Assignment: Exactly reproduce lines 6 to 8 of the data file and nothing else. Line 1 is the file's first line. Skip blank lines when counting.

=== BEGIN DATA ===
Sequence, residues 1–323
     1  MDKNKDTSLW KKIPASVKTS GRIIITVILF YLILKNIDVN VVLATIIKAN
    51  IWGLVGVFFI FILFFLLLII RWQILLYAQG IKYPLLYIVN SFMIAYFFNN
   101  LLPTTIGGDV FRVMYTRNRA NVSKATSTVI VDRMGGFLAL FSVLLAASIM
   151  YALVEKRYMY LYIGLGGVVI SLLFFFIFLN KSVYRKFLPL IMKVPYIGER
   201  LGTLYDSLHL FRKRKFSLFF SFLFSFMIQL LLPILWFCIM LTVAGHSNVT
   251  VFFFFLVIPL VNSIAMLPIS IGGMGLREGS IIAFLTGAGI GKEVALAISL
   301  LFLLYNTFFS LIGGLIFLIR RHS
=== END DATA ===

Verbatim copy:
   201  LGTLYDSLHL FRKRKFSLFF SFLFSFMIQL LLPILWFCIM LTVAGHSNVT
   251  VFFFFLVIPL VNSIAMLPIS IGGMGLREGS IIAFLTGAGI GKEVALAISL
   301  LFLLYNTFFS LIGGLIFLIR RHS